U.S. editorial excerpts

©Kyodo News

Selected editorial excerpts from the U.S. press:


(The New York Times, New York)

The abrupt departure of a strong and long-serving leader is always a time of both anxiety and hope. The comforts of stability and familiarity are shaken, but there is the potential to right wrongs and breathe new life into the nation. Shinzo Abe's unexpected announcement on Friday that he was stepping down after two stints as Japan's prime minister, totaling eight and a half years, is just such a moment.

Mr. Abe's greatest achievement was to bring stability to a government that had known seven prime ministers in seven years before him, and he used his firm control over the governing Liberal Democratic Party to begin a number of critically needed economic and social reforms. He put in place aggressive expansionary economic policies -- referred to as Abenomics -- that initially helped propel growth, employment and corporate earnings. He challenged how Japan did business, expanding the participation of women and immigrants in a deeply conservative society and shaking up the nation's hidebound boardroom culture.

Mr. Abe advanced the notion that Japan needed to be a "normal country" by taking more responsibility for its own defense and signing free-trade deals with the European Union and the countries that remained in the Trans-Pacific Partnership after President Trump withdrew the United States.

Yet by the time Mr. Abe stepped down, citing the same chronic disease that curtailed his first short-lived stint as prime minister in 2007, the coronavirus pandemic had largely wiped out the achievements of Abenomics, and his approval ratings were at one of their lowest points since his current term began in December 2012.

On balance, Mr. Abe's legacy is one of beginning urgently needed changes but failing to carry them to an end. That is not entirely his fault: The coronavirus has undermined the best laid plans of most world leaders; he confronted some of the most conservative corporate and social habits in the developed world; and pacifism has been a core guiding principle since Japan's defeat in World War II. That Mr. Abe achieved as much as he did deserves considerable credit.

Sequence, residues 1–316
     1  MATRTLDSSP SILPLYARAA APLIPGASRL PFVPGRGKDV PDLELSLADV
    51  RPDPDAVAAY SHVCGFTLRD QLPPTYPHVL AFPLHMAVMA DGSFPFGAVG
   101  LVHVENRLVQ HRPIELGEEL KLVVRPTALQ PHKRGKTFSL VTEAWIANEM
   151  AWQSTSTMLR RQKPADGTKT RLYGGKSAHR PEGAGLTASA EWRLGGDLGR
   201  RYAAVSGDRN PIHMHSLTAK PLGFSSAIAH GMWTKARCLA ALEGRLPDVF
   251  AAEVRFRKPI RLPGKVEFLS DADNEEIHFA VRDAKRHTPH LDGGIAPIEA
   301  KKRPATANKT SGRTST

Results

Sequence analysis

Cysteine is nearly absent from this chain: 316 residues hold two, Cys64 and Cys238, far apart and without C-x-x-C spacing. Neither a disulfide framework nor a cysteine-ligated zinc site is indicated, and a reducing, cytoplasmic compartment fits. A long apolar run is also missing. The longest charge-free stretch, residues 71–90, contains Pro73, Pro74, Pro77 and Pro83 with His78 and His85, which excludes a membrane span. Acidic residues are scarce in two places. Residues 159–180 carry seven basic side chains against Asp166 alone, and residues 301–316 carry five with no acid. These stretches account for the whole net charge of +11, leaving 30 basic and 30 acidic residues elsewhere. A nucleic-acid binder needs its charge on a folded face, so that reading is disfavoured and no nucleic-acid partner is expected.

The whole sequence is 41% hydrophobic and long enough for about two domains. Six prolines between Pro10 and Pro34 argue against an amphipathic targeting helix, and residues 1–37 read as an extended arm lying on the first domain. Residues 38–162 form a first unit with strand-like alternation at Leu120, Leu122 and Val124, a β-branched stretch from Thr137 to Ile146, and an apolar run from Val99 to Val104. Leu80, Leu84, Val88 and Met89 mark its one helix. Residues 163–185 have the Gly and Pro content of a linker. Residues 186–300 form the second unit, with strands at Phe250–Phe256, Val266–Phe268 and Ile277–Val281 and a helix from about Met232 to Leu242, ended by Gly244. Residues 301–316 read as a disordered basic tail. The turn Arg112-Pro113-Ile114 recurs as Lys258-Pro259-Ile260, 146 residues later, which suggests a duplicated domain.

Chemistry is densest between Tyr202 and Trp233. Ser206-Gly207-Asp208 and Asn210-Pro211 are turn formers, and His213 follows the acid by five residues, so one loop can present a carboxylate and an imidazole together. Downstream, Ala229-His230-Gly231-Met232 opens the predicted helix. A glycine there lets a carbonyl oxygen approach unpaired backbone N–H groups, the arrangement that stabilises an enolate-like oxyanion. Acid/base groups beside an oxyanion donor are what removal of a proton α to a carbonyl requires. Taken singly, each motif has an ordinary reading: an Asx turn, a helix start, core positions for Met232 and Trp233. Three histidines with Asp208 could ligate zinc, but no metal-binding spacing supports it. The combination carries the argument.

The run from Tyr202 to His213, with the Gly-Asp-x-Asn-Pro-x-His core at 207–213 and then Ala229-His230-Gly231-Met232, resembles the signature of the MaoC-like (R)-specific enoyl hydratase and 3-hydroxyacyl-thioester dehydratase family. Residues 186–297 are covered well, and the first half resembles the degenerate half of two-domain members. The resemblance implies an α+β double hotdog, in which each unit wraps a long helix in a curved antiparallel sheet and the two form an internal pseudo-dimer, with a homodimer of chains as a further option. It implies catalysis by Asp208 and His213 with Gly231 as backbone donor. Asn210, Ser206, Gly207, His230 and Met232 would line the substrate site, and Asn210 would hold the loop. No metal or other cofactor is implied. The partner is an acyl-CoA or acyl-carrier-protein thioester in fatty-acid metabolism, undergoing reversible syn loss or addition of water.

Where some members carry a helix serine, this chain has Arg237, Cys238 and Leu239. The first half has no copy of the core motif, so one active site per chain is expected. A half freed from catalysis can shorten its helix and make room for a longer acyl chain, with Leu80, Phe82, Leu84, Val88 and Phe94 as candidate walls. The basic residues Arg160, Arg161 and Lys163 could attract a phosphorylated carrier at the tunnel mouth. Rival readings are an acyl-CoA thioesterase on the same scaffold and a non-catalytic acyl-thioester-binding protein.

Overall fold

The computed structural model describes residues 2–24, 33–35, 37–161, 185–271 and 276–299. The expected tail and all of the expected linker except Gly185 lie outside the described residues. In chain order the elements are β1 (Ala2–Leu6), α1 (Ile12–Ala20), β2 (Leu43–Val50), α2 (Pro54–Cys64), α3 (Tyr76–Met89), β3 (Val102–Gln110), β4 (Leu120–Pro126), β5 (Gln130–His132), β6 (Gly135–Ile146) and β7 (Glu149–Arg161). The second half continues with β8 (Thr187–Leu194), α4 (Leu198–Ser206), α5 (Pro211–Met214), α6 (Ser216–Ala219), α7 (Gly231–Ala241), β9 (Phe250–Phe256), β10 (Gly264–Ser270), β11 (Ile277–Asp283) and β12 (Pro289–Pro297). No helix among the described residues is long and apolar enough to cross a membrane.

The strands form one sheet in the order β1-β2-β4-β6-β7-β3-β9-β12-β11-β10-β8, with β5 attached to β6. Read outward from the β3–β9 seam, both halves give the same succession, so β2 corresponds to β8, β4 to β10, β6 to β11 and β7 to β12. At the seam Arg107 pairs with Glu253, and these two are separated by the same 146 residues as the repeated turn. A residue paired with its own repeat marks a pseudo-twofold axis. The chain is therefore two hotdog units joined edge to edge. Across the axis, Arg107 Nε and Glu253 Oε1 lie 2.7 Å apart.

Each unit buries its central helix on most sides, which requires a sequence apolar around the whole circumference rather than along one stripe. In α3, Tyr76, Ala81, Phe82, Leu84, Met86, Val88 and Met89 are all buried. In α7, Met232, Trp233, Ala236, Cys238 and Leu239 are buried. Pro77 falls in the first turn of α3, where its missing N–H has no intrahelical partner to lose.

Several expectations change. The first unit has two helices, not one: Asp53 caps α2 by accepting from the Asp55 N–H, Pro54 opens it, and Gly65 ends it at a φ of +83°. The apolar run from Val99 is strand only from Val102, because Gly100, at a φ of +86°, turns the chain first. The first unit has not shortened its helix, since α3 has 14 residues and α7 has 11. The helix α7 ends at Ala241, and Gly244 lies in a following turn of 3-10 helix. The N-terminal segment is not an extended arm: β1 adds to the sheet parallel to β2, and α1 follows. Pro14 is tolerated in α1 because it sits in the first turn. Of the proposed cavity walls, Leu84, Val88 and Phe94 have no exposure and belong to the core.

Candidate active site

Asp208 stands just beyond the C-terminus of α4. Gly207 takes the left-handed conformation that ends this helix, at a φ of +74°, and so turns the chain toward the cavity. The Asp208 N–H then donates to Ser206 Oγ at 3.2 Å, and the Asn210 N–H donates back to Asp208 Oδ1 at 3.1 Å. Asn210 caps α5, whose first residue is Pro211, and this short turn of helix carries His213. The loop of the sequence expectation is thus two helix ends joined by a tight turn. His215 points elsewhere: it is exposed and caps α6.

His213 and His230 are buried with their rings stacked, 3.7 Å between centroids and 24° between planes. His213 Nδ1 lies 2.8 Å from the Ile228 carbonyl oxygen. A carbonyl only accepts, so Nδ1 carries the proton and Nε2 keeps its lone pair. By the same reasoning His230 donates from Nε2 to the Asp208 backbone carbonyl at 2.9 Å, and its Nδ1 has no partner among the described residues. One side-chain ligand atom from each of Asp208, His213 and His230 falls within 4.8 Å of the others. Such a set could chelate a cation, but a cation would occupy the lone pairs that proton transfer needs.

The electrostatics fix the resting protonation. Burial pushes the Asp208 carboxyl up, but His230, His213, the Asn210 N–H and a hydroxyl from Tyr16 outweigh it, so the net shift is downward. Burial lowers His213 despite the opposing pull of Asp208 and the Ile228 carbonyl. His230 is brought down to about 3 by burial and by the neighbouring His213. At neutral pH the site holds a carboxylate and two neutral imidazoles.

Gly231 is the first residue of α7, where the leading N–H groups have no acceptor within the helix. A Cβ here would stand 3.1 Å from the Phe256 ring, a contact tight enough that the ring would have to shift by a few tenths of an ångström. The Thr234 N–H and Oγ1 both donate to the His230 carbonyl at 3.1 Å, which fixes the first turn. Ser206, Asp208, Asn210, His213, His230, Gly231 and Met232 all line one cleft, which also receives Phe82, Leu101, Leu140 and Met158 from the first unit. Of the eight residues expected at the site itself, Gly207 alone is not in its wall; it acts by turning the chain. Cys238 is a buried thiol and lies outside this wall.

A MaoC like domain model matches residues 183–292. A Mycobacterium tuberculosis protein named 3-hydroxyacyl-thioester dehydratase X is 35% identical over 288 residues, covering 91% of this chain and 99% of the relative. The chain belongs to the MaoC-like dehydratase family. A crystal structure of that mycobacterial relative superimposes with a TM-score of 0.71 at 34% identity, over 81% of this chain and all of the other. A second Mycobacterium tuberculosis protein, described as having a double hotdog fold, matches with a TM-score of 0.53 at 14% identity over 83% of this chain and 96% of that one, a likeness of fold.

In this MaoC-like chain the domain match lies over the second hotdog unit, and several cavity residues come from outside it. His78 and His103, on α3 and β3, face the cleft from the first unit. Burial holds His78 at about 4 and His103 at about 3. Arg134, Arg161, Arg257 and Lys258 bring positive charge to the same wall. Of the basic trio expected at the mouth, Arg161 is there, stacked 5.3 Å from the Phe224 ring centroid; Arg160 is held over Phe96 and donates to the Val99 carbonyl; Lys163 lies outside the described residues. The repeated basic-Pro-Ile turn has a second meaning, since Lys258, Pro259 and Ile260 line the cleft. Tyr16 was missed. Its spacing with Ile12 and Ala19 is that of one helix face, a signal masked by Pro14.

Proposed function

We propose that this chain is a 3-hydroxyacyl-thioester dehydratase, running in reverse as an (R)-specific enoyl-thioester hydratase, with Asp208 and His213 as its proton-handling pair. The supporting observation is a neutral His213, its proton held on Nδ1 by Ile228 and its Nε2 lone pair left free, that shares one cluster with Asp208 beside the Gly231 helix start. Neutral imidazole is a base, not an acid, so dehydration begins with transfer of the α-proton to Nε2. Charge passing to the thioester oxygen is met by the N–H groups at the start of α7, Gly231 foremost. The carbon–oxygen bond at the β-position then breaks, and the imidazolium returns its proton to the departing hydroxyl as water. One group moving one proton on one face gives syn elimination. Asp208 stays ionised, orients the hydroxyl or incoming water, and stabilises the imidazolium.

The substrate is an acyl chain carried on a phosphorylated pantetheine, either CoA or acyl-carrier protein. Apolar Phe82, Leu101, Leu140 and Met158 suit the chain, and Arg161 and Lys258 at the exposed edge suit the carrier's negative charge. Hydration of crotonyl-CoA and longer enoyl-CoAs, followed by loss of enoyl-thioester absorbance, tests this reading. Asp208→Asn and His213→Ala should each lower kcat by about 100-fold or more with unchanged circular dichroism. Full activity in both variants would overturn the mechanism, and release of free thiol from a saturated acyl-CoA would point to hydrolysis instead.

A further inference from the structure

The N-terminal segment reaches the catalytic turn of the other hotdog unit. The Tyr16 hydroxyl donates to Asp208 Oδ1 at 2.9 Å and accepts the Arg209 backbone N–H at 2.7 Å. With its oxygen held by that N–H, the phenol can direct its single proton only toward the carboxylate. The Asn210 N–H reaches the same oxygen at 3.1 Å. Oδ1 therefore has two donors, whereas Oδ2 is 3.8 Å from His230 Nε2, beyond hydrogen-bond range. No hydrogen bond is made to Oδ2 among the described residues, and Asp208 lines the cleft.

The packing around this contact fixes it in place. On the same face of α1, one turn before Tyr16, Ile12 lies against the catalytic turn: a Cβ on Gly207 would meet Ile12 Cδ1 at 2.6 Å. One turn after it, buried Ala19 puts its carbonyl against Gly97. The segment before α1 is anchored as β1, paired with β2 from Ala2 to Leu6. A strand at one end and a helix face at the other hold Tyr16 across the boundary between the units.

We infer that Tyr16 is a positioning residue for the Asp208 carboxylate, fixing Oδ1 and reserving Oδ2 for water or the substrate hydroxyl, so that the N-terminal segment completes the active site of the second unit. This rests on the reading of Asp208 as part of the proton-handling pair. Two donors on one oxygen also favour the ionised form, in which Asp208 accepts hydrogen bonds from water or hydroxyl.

Fortunately, his successor, who is expected to be named by the Liberal Democratic Party within a month, is likely to stick to Mr. Abe's blueprint and to continue challenging Japan's stolid habits in commerce, gender and immigration, as well as moving the country from its postwar vow of pacifism and assuming a more active role in containing China and participating in global peacekeeping missions.

Yet Mr. Abe's successor will face enormous challenges: an aging and shrinking population, the biggest debt load in the developed world relative to the size of the economy and an economy that, because of pandemic-related lockdowns, has contracted to where it was when Mr. Abe took office. Women are still a long way from parity in employment or pay, and importing laborers remains difficult.

Japan's next prime minister, moreover, will lack Mr. Abe's greatest asset -- the political power he amassed by simply staying in office longer than any of his immediate predecessors. The worst post-Abe scenario would be a revival of political instability, which would inevitably strengthen the bureaucratic state and the stagnation that entails.

Above all, Mr. Abe has left a legacy of change to build on. The Liberal Democrats' choice of the next leader ought to be an unambiguous signal that this is exactly what it intends to do.

(Sept. 3)